The Nizkor Project: Remembering the Holocaust (Shoah)

Shofar FTP Archive File: people/t/turk.richard/deport.prep


Newsgroups: alt.revisionism,soc.history
Subject: Holocaust Almanac: Reinhard Preparations Begin - Deportations
Reply-To: kmcvay@oneb.almanac.bc.ca
Followup-To: alt.revisionism
Organization: The Old Frog's Almanac, Vancouver Island, CANADA
Keywords: Belzec,deportation,Piaski,Regger,Reinhard,Siebert,Turk

File: reinhard deport.prep
Last-modified: 1993/03/08
XRef: reinhard reinhard.faq1, reinhard reinhard.faq2

"Organizing the deportation of the 2,284,000 Jews who, according to German
data, lived in the General Government in hundreds of ghettos dispersed all
over the country demanded thorough planning. The geographical dispersion of
the Jewish ghettos, the location and killing capacities of the death camps,
the available means of transport and their projected optimal use would all
have to be considered.

...

The earliest known German document regarding any cooperation between SS
authorities and civilian officials in the deportation of Jews in the
framework of Operation Reinhard is a note written by Dr. Richard Turk, the
head of the Department of Population Affairs and Welfare ... in Lublin
district. The document states:

Notice, Lublin, 17 III 1942, Ref (event) II, R/We
On March 4, 1942, I received a telegram from the government in Cracow,
signed by Mr. [Friedrich] Siebert, the chief of the SS department, in which
the concluding sentence reads as follows: I ask you to be helpful to the SS
and Police Leader of Lublin in his actions.

On March 7 I received a telephone call from the government [in Cracow],
from Major Regger, in which I was strictly requested, in connection with
the resettlement of the Jews from Mielec to the Lublin district, to reach
an agreement with the SS and Police Leader, and it stressed the highest
importance of this agreement.... I arranged a conference with
Hauptsturmfuhrer Ho"fle for Monday, March 16, 1942, and it took place at
17:30. In the course of this conference, Ho"fle explained the following:

1. It would be appropriate if the transport of Jews that arrive in the
Lublin district were split in the departure stations into those who are
able to work and those who are not. If this division is impossible in the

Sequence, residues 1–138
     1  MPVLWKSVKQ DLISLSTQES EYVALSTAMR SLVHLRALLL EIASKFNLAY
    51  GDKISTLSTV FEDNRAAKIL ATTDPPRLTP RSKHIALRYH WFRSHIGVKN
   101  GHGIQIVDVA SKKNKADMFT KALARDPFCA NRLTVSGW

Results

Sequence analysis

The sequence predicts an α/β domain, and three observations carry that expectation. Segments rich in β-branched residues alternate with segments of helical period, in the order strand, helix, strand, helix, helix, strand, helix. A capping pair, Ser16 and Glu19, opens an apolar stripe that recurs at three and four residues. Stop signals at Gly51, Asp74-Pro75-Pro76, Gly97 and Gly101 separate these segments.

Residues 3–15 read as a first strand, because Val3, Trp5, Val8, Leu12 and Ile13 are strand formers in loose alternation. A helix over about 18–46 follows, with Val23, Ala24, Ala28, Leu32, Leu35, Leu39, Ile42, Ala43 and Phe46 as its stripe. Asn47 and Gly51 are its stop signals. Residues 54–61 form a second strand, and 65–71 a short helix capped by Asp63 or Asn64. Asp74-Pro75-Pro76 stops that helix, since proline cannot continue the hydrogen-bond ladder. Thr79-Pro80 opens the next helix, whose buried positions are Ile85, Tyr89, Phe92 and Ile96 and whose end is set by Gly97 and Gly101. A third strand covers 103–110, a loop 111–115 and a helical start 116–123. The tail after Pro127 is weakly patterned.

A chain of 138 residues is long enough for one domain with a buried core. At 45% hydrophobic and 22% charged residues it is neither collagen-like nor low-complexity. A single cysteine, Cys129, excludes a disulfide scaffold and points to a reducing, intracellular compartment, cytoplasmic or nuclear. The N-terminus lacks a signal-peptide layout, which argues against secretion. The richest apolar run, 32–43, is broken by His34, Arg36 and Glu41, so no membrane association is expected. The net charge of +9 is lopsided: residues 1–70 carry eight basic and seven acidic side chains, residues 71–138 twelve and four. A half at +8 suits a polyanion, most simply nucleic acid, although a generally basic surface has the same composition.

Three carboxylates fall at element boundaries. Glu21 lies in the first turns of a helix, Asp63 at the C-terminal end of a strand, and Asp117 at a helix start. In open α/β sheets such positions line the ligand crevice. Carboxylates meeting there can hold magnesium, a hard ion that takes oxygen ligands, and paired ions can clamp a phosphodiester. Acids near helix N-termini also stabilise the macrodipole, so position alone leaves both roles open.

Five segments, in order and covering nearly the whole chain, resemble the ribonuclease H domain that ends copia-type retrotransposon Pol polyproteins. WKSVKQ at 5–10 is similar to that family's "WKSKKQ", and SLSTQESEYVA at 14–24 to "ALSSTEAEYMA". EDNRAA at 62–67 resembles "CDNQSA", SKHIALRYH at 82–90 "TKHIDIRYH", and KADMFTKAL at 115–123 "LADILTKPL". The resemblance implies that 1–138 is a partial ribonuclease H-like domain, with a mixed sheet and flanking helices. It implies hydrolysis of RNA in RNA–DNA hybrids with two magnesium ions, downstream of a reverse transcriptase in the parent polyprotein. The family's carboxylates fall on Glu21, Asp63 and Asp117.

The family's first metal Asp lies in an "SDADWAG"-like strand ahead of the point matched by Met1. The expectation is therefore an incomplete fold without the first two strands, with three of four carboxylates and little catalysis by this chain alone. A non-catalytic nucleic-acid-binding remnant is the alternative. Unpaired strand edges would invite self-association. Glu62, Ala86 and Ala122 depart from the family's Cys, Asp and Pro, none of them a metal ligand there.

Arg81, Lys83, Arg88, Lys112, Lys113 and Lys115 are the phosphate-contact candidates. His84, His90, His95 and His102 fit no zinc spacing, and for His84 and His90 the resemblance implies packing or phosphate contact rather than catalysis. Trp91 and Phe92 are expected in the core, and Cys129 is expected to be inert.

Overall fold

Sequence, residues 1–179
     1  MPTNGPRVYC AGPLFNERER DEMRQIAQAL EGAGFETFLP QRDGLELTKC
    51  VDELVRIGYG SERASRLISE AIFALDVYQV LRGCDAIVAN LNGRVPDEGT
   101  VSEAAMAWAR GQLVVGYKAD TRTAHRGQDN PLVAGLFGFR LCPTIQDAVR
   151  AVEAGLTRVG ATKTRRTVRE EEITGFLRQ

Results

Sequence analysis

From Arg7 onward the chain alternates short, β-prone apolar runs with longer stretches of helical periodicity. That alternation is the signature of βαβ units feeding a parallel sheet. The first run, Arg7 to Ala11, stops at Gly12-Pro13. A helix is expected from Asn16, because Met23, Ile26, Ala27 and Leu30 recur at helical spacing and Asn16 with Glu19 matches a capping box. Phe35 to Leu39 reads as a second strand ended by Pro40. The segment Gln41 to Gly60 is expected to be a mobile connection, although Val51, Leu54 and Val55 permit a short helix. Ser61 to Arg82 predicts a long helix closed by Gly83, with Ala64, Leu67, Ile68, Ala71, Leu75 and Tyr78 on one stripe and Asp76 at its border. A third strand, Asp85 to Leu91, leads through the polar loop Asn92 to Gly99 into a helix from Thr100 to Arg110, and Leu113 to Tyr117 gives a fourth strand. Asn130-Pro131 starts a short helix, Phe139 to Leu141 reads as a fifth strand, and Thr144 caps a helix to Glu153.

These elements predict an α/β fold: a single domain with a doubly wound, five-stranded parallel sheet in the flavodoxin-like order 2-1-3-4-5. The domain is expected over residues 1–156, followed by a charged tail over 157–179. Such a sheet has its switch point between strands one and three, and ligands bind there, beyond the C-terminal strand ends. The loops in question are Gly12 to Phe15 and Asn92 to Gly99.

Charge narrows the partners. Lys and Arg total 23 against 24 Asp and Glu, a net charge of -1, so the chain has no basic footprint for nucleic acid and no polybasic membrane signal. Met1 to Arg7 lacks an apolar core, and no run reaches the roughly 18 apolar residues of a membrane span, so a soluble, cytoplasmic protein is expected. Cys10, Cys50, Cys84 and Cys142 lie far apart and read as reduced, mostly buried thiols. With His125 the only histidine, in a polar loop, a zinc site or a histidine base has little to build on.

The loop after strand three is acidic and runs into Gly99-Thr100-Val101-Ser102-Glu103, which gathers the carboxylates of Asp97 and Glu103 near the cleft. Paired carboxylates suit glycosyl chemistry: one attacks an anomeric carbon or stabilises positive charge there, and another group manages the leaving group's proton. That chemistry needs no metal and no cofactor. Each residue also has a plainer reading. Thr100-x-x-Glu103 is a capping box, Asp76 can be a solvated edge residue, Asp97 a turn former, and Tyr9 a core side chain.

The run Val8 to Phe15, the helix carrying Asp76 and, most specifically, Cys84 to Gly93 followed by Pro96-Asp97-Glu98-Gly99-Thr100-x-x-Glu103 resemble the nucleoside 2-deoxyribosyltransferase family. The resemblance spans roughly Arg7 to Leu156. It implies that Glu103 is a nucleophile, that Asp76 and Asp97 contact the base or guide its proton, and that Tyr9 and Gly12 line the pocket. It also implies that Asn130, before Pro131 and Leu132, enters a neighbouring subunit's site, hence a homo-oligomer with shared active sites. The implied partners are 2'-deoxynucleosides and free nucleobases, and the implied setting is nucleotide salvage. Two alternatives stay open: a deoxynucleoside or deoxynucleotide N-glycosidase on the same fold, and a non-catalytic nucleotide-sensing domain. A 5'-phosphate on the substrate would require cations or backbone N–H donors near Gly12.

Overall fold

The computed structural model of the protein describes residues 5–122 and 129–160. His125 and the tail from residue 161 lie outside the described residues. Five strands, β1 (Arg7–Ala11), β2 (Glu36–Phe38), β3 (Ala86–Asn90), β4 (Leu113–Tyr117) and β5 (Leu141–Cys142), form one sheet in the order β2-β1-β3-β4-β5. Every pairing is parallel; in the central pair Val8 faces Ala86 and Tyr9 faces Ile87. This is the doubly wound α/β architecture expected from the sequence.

departure stations, eventually it should be considered to divide the
transport in Lublin, according to the aforementioned point of view.

2. All the Jews incapable of work would arrive in Belzec, the final border
station in the Zamosc region.

3. Hauptsturmfuhrer Ho"fle is preparing the erection of a big camp, where
the Jews capable of work will be held and divided according to their
professions and from where they will be requested [for work].

4. Piaski will be cleared of Polish Jews and will become a concentration
point for Jews arriving from the Reich.

5. In the meantime Trawniki will not be populated by Jews.

6. The Hauptsturmfuhrer asks whether on the train section Deblin-Trawniki
60,000 Jews can be disembarked. After having been informed about the
transports of Jews dispatched by us, Ho"fle announced that out of the 500
Jews who arrived from Suzic, those unable to work can be sorted out and
sent to Belzec....

In conclusion, he announced that every day he can receive four to five
transports with 1,000 Jews each for the destination of Belzec station.
These Jews would cross the border [of the occupied territories of the
Soviet Union] and never return to the General Government." <1>

It is interesting to note here that even discussions regarding the true nature
of the extermination camps with civilians not directly involved was a crime
immediately punishable by death. Once you clearly understand that (this
fact is well documented throught the public histories of the period) fact,
this document becomes quite chilling. Consider, for instance, the casual
references to the Belzec depot, which proved to be a final stop for the
Jews who were delivered there. In all, using German transportation,
military, and civilian records, Arad estimates 1.7 million Jews
were murdered during Operation Reinhard. A good many of that number drew
their final breath on the Belzec platform. 

The document cited above, coupled with known deportation figures for
Piaski during March of 1942, suggest far greater numbers than those I
have accounted for in the Arad book (see below), which does not
include data for Jews brought into the General Government area from
other parts of Europe (Germany, Austria, etc.) or for Jews deported to
Auschwitz or other camps than the three noted in the Arad title. If
anyone runs across such data during their reading, I would very much
appreciate having it, so the information available here will be more
complete.

For additional information concerning the fate of one Jew from Piaski, see
Rashke, Chapter 10.  ((Rashke, Richard. Escape From Sobibor (Boston: Houghton 
Mifflin Company, 1982))

<1> "Dokumenty i Materialy do Dziejow Okupacji niemieckiej w Polsce: Akcje
i Wysiedlenia", Wydawnictwa Centralnej Zydowskiej Komisji Historycznej,
Warszawa-Lodz-Krakow, 1946, pp. 32-33; Gerald Reitlinger, "The Final
Solution", second edition, London, p.268

Excerpted from....----------------------------------------------
BELZEC, SOBIBOR, TREBLINKA - the Operation Reinhard Death Camps
Indiana University Press - Yitzhak Arad, 1987. ISBN 0-253-3429-7
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